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    ABSTRACT: Computed tomography (CT) section thickness and reconstruction kernel each influence CT measurements of emphysema. This study was performed to assess whether their effects are related to the magnitude of the measurement. Low-radiation-dose multidetector CT was performed in 21 subjects representing a wide range of emphysema severity. Images were reconstructed using 20 different combinations of section thickness and reconstruction kernel. Emphysema index values were determined as the percentage of lung pixels having attenuation lower than multiple thresholds ranging from -960 HU to -890 HU. The index values obtained from the different thickness-kernel combinations were compared by repeated measures analysis of variance and Bland-Altman plots of mean versus difference in all subjects, and correlated with quantitative histology (mean linear intercept, Lm) in a subset of resected lung specimens. The effects of section thickness and reconstruction kernel on the emphysema index were significant (P < .001) and diminished as the index attenuation threshold was raised. The changes in index values from changing the thickness-kernel combination were largest for subjects with intermediate index values (10%-30%), and became progressively smaller for those with lower and higher index values. This pattern was consistent regardless of the thickness-kernel combinations compared and the HU threshold used. Correlations between the emphysema index values obtained with each thickness-kernel combination and Lm ranged from r = 0.55-0.68 (P = .007-.03). The effects of CT section thickness and kernel on emphysema index values varied systematically with the magnitude of the emphysema index. All reconstruction techniques provided significant correlations with quantitative histology.
    Academic radiology 11/2009; 17(2):146-56. · 2.09 Impact Factor
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    ABSTRACT: To characterize the effect of diffusion time on short-range hyperpolarized (3)He magnetic resonance imaging (MRI) diffusion measurements across a wide range of emphysema severity. (3)He diffusion MRI was performed on 19 lungs or lobes resected from 18 subjects with varying degrees of emphysema using three diffusion times (1.6 msec, 5 msec, and 10 msec) at constant b value. Emphysema severity was quantified as the mean apparent diffusion coefficient (ADC) and as the percentage of pixels with ADC higher than multiple thresholds from 0.30-0.55 cm(2)/sec (ADC index). Quantitative histology (mean linear intercept) was obtained in 10 of the lung specimens from 10 of the subjects. The mean ADCs with diffusion times of 1.6, 5.0, and 10.0 msec were 0.46, 0.40, and 0.37 cm(2)/sec, respectively (P < 0.0001, analysis of variance [ANOVA]). There was no relationship between the ADC magnitude and the effect of diffusion time on ADC values. The mean linear intercept correlated with ADC (r = 0.91-0.94, P < 0.001) and ADC index (r = 0.78-0.92, P < 0.01) at all diffusion times. Decreases in ADC with longer diffusion time were unrelated to emphysema severity. The strong correlations between the ADC at all diffusion times tested and quantitative histology demonstrate that ADC is a robust measure of emphysema.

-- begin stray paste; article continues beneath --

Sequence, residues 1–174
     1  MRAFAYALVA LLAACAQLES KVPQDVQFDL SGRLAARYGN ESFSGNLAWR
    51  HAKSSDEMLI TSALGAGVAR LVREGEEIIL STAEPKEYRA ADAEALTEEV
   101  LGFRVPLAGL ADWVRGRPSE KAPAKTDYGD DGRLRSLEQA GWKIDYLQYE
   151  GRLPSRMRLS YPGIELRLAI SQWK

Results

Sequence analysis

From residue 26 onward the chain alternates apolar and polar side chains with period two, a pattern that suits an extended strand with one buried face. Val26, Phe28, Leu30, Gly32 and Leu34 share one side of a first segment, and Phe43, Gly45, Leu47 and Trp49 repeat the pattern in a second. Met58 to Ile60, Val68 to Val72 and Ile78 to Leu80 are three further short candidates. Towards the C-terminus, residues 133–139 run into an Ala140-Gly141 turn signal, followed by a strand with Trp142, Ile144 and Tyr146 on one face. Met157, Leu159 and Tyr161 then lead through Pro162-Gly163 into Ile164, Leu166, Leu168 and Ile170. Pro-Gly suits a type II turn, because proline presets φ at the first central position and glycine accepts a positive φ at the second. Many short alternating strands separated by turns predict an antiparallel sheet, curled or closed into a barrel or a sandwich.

Journal of Magnetic Resonance Imaging 10/2009; 30(4):801-8. · 2.57 Impact Factor
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    ABSTRACT: The structure and integrity of pulmonary acinar airways and their changes in different diseases are of great importance and interest to a broad range of physiologists and clinicians. The introduction of hyperpolarized gases has opened a door to in vivo studies of lungs with MRI. In this study we demonstrate that MRI-based measurements of hyperpolarized (3)He diffusivity in human lungs yield quantitative information on the value and spatial distribution of lung parenchyma surface-to-volume ratio, number of alveoli per unit lung volume, mean linear intercept, and acinar airway radii-parameters that have been used by lung physiologists for decades and are accepted as gold standards for quantifying emphysema. We validated our MRI-based method in six human lung specimens with different levels of emphysema against direct unbiased stereological measurements. We demonstrate for the first time MRI images of these lung microgeometric parameters in healthy lungs and lungs with different levels of emphysema (mild, moderate, and severe). Our data suggest that decreases in lung surface area per volume at the initial stages of emphysema are due to dramatic decreases in the depth of the alveolar sleeves covering the alveolar ducts and sacs, implying dramatic decreases in the lung's gas exchange capacity. Our novel methods are sufficiently sensitive to allow early detection and diagnosis of emphysema, providing an opportunity to improve patient treatment outcomes, and have the potential to provide safe and noninvasive in vivo biomarkers for monitoring drug efficacy in clinical trials.
    Journal of Applied Physiology 09/2009; 107(4):1258-65. · 3.48 Impact Factor